Ohio earthquake was not a natural event, expert says

CLEVELAND Tue Jan 3, 2012 7:40pm EST

CLEVELAND (Reuters) - A 4.0 magnitude earthquake in Ohio on New Year's Eve did not occur naturally and may have been caused by high-pressure liquid injection related to oil and gas exploration and production, an expert hired by the state of Ohio said on Tuesday.

Ohio's Department of Natural Resources on Sunday suspended operations at five deep well sites in Youngstown, Ohio, where the injection of water was taking place, while they evaluate seismological data from a rare quake in the area.

The wells are about 9,000 feet deep and are used to dispose of water from oil and gas wells. The process is related to fracking, the controversial injection of chemical-laced water and sand into rock to release oil and gas. Critics say that the high pressure injection of the liquid causes seismic activity.

Won-Young Kim, a research professor of Seismology Geology and Tectonophysics at the Lamont-Doherty Earth Observatory at Columbia University, told Reuters in an interview on Tuesday that circumstantial evidence suggests a link between the earthquake and the high-pressure well activity.

"We know the depth (of the quake on Saturday) is two miles and that is different from a natural earthquake," said Kim, who is advising the state of Ohio.

Data collected from four seismographs set up in November in the area confirm a connection between the quakes and water pressure at the well, Kim said.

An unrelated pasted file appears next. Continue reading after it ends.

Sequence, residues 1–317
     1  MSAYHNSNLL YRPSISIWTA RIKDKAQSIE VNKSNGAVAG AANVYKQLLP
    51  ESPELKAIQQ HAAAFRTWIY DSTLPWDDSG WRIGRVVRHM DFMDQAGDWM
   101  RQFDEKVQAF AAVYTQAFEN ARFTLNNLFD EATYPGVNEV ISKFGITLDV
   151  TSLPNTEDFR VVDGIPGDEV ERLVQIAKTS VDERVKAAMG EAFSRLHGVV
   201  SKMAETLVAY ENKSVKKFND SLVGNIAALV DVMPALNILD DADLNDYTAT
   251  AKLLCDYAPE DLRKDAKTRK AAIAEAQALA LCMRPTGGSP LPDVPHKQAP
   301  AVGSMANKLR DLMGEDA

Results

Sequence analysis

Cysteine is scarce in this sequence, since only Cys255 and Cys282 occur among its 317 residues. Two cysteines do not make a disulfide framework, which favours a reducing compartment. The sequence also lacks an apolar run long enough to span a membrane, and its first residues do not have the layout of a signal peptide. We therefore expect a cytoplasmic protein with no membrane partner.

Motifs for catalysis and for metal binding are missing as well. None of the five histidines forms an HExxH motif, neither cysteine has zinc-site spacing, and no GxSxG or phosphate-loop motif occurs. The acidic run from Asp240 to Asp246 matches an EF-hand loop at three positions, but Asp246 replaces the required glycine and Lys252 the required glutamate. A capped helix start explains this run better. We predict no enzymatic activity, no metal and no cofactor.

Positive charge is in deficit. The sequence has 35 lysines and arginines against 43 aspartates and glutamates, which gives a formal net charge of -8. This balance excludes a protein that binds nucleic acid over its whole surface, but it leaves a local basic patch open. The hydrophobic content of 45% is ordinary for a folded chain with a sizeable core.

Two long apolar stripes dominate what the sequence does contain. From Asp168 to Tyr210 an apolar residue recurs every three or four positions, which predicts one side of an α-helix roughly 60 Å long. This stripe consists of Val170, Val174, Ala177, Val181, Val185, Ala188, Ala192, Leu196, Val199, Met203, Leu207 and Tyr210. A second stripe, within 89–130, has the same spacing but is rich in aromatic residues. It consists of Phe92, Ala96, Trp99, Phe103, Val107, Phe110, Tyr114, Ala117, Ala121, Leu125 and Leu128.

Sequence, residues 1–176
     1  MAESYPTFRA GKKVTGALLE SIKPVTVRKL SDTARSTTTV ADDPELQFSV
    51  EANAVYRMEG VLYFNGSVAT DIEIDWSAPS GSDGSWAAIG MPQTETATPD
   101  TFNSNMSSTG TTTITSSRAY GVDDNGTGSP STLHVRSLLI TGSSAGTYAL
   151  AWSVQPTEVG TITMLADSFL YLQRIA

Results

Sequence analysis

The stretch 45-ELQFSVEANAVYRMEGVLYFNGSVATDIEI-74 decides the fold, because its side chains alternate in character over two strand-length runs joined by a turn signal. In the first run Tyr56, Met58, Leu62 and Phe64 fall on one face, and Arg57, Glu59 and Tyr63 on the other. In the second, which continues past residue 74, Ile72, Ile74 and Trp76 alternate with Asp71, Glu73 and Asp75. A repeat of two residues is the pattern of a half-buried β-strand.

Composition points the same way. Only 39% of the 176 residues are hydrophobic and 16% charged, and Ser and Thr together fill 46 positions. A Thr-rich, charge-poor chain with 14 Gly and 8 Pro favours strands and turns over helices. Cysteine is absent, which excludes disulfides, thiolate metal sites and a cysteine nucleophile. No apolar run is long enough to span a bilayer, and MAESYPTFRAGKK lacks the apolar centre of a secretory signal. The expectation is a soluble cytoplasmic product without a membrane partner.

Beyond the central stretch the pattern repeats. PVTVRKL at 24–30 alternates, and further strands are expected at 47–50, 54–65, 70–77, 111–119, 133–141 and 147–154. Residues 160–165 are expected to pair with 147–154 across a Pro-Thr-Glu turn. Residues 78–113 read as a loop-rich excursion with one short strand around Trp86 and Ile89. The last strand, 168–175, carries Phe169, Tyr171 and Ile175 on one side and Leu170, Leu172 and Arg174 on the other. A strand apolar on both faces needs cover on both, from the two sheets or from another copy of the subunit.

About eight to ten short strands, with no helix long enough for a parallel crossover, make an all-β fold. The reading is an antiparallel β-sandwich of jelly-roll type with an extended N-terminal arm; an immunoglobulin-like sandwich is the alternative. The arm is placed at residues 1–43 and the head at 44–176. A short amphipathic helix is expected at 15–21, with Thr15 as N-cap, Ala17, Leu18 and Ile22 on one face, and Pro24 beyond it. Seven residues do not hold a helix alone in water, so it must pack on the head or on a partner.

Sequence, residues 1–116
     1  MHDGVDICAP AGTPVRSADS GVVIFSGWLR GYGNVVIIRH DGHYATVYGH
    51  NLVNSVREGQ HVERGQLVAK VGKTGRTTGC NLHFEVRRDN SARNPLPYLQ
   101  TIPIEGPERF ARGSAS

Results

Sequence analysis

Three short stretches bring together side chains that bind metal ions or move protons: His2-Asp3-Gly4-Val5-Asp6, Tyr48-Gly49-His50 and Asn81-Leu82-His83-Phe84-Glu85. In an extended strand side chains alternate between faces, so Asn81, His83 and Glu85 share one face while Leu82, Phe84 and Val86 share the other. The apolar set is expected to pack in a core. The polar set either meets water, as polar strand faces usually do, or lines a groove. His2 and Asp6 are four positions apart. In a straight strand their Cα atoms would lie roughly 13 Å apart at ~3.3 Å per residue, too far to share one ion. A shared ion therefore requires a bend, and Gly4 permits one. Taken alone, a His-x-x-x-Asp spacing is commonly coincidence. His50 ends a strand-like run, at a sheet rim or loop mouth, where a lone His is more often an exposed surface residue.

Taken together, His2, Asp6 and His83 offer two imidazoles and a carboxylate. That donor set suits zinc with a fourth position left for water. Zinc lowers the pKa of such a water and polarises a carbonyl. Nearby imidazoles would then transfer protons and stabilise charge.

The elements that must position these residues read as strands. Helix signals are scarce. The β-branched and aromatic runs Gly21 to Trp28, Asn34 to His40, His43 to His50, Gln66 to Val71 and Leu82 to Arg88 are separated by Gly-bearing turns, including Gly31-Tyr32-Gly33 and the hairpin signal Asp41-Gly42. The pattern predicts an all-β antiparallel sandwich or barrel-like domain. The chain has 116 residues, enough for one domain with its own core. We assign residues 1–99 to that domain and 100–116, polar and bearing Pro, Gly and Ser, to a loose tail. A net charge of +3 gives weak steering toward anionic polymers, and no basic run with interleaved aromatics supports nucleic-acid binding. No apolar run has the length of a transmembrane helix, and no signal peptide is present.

"There is circumstantial evidence to connect the two -- in the past we didn't have earthquakes in the area and the proximity in the time and space of the earthquakes matches operations at the well," he said.

A spokesman for Ohio Republican Gov. John Kasich, a strong supporter of oil and gas exploration in the state, said Ohio could announce a preliminary decision whether to continue the suspension of the wells as early as Wednesday.

The state was already looking into the cause of earlier seismic activity from 10 previous earthquakes, beginning in March, 2011.

According to Kim, this is not the first time Ohio tremors have been linked to human activities. "We have several examples of earthquakes from deep well disposal in the past," Kim said.

A quake of 4.2 magnitude in Ashtabula, Ohio, on January 26, 2001, was believed to be due to deep-well injection, he said. And in 1987 there was an incident with a correlation to high pressure deep well injection, he said.

There are 177 so-called "class two" deep wells in Ohio, according to Tom Stewart, executive vice president of Ohio Oil and Gas Association. They all operate under federal guidelines spelled out by the Clean Water Act.

There is no evidence that the wells in Youngstown were operating at higher pressures than allowed, Stewart said.

"We haven't seen anything from anyone at (the state agency) that would lead us to believe that the well was not operating properly," he said.